I once had an absurd moment in a bar on the outskirts of Bergen-op-Zoom. The name can only be a Dutch joke because while the op Zoom is accurate enough in that the town is on Holland’s edge, Bergen means hills. The area is flat enough to see the curvature of the earth.
I was a weary, unfit and no longer young trimmer, the word Dutch people use for keep-fit riders. And I’d stopped for a coffee.
I was just leaving when a man asked if he had “seen me at work” in Antwerp, which was just across the border in Belgium. I was surprised but I agreed that he may have done so because that was indeed where I went to work every day.
He nodded knowingly and gave a conspiratorial smile.
“I thought so,” he said, as though we and only we shared a secret kept from the rest of the bar. “Keihard, die Post, nee?”, he winked.
I realised with a rush of embarrassment and conceit that he had mistaken me for one of Peter Post’s riders in the Raleigh team. He thought he’d seen me riding the six-day which had just finished on the big leaky track outside Antwerp. But by then it was too late.
Keihardmeans “as hard as nails.” That was Peter Post’s reputation. And now he’s dead.
Peter Post was the most successful team manager there has ever been. From just 1976 to 1983 he amassed two world road championships (Knetemann 1978, Raas 1979), the 1980 Tour de France (Zoetemelk), the Amstel Gold Race in 1978, 1979 and 1980, the Tour of Flanders in 1979 and Ghent-Wevelgem in 1980. Plus 15 world championships, five World Cups, 77 Tour stages, the Giro d’Italia, 37 classics and 55 national championships.
Marcel Bidot produced more Tour de France winners and Johan Bruyneel won more Tours. But Bruyneel did it with just one exceptional rider and Bidot never managed teams in the classics. Post did it all. He also rode 155 sixes and won 65 of them, including London, which he won every year from 1968 to 1971. He also won Paris-Roubaix at 45.131kmh in 1964, a record speed that stood for 11 years.
Allan Peiper said: “He had a very powerful character and most of us were frightened of him. He had this thing when we were eating where he would pick someone to sit next to, and if he sat next to you, you were in for it. We used to say that he had picked a victim. He would sit and ask you questions that there was no right answer to. If your answer was white, the correct one would have been black. If you said black, it would have been white. Then when you’d given the wrong answer, he had you. I don’t know why he did it. Maybe he thought it motivated you.”
The funny thing is that I met Post several times, including once at his house on the edge of Amsterdam, and I found him nothing but charming. I spent an hour interviewing him and at the end he said he had enjoyed it so much that he insisted on calling his friends to ask if I could go round to see them as well.
I wasn’t a rider, of course. And I wasn’t one of his employees, as he saw his teams. But I think there was more than just wanting to be nice to a journalist. I had ridden 100km on a loaded bike and against a headwind to see him. I hadn’t realised how much he would appreciate the effort, how much he admired people who went the extra step.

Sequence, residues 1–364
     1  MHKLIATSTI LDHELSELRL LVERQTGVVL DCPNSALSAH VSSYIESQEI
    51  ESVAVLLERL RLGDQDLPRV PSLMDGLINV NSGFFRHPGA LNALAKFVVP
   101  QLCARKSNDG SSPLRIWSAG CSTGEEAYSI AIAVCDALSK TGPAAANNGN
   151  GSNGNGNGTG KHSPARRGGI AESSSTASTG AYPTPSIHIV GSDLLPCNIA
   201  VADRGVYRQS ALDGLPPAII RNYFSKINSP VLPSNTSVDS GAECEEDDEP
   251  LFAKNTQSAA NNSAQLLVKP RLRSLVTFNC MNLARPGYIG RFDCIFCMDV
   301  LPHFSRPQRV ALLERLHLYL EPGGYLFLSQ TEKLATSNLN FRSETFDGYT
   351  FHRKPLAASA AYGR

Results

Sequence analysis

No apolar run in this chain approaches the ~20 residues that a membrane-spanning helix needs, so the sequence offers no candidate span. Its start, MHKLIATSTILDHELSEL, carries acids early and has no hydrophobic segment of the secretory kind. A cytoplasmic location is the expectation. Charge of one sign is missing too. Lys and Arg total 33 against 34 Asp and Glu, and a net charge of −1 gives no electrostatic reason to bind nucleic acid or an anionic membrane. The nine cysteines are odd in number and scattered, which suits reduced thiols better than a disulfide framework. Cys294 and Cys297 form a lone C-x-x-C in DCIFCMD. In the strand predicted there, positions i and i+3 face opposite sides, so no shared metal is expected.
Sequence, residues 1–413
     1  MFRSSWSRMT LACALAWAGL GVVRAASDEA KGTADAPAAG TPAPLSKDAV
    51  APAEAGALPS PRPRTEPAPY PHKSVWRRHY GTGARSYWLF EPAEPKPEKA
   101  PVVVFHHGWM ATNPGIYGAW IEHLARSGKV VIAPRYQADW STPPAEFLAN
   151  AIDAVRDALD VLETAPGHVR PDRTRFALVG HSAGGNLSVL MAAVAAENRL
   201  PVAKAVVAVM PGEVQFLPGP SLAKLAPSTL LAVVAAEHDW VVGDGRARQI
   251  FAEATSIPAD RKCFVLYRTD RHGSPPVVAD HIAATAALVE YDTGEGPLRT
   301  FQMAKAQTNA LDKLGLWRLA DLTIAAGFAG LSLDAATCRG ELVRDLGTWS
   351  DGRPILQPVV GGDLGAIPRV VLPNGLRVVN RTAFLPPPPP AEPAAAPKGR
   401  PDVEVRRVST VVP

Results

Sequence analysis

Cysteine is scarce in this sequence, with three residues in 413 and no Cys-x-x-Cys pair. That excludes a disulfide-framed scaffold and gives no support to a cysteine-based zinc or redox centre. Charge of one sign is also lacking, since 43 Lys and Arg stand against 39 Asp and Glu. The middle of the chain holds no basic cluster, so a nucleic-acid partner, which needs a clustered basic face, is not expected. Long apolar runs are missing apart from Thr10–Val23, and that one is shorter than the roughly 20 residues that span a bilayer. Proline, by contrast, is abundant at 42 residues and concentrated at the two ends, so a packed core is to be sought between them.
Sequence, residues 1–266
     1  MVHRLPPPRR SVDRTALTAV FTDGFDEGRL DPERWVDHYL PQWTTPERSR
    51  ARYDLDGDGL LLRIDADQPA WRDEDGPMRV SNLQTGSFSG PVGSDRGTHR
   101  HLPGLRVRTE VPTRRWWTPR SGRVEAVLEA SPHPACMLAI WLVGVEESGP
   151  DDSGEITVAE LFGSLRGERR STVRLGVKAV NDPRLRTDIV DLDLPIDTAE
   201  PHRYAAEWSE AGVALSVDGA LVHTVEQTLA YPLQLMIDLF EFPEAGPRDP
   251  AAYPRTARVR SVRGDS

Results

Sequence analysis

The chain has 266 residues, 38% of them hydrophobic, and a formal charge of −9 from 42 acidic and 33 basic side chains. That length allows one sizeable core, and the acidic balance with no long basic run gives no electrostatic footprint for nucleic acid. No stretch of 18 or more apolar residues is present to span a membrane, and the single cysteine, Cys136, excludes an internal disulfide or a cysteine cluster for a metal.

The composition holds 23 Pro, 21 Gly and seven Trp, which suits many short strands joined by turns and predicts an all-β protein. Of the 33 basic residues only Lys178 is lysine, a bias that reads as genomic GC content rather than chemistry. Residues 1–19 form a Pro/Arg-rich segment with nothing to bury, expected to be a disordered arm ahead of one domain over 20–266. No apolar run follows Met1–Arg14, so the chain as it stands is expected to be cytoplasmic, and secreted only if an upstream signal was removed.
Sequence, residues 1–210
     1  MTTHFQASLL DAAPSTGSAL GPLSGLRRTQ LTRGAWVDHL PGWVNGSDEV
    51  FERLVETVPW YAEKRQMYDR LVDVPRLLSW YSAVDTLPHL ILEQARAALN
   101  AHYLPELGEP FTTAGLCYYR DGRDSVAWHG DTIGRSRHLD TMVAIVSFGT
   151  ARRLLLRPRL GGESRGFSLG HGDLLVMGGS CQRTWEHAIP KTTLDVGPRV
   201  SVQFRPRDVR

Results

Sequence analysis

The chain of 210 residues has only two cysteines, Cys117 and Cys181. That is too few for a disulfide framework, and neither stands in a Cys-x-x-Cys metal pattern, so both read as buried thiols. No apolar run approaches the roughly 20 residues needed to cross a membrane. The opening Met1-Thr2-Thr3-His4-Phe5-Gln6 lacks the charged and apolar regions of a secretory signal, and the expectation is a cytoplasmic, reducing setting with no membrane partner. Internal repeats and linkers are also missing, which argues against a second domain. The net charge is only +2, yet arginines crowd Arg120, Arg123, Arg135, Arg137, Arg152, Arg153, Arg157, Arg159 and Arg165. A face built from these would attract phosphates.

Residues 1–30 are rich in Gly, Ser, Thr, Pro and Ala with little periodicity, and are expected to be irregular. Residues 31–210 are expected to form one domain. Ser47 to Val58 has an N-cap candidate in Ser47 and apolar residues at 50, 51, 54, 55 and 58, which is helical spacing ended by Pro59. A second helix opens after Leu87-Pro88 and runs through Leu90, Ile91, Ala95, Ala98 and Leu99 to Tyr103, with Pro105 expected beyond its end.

The other was that I could talk to him in Dutch. That, too, I found counted for a lot. Post spoke English with no trouble but I hadn’t asked him to. I happened to speak Dutch and I’d had to learn it. How much that mattered to him I realised only when I went back over the stories of the British riders he had been forced to take when Raleigh, a British company, employed him.
One by one the Brits came home. The last to survive was the least talented – but Bob Carey had taken the trouble to learn Dutch. The British moaned how they were given the worst bikes, used as cannon-fodder, kicked because they weren’t Dutch.
Hennie Kuiper won the world championship with Raleigh and he said the team was the most remarkable he’d known. “Raleigh won 56 stages in the Tour, I think. Unbelievable. In one year they won 11 stages. Incredible. That was a real team, with a real team spirit. Everybody worked for everybody else. If somebody got away, the others protected him. It was great.”
But when I asked about Post’s management style, he chose his words and said: “My character and Peter Post’s are totally different. I was still a youngster. And when you’re young and you have some sort of problem, you need to discuss it. But that was almost impossible. In the end I said I wanted out.”
1Gerald O’Donovan, the executive at Raleigh who supervised the venture, said: “More than once Peter let riders leave who had an inflated view of their own worth, rather than spoil the balance of the rest of the team. Usually these riders learned that without the depth of team support, life was not easy. I remember him telling one Australian rider: ‘You want me to pay you nice Australian tennis money? You go play tennis.’”
O’Donovan smiled as he remembered that Joop Zoetemelk, who had just won the Tourde France, had arrived for a meal one day without a tie – and was sent back to put one on. Not necessarily a loveable man, therefore, although hugely respected.
The French magazineVélo named Raleigh its top team in history and said it “imposed its astonishing collective force from the moment the team was created”, adding that Post “maintained great cohesion in a team rich with individual strengths.” But the cost grew too high for Raleigh and it backed out. Post ran other teams and then retired. Raleigh sold its factory in job lots in December 1999, 109 years after it started, and began importing bikes imported from Bangladesh and Vietnam.
And now, after a long illness, Peter Post too has gone. An era has passed.
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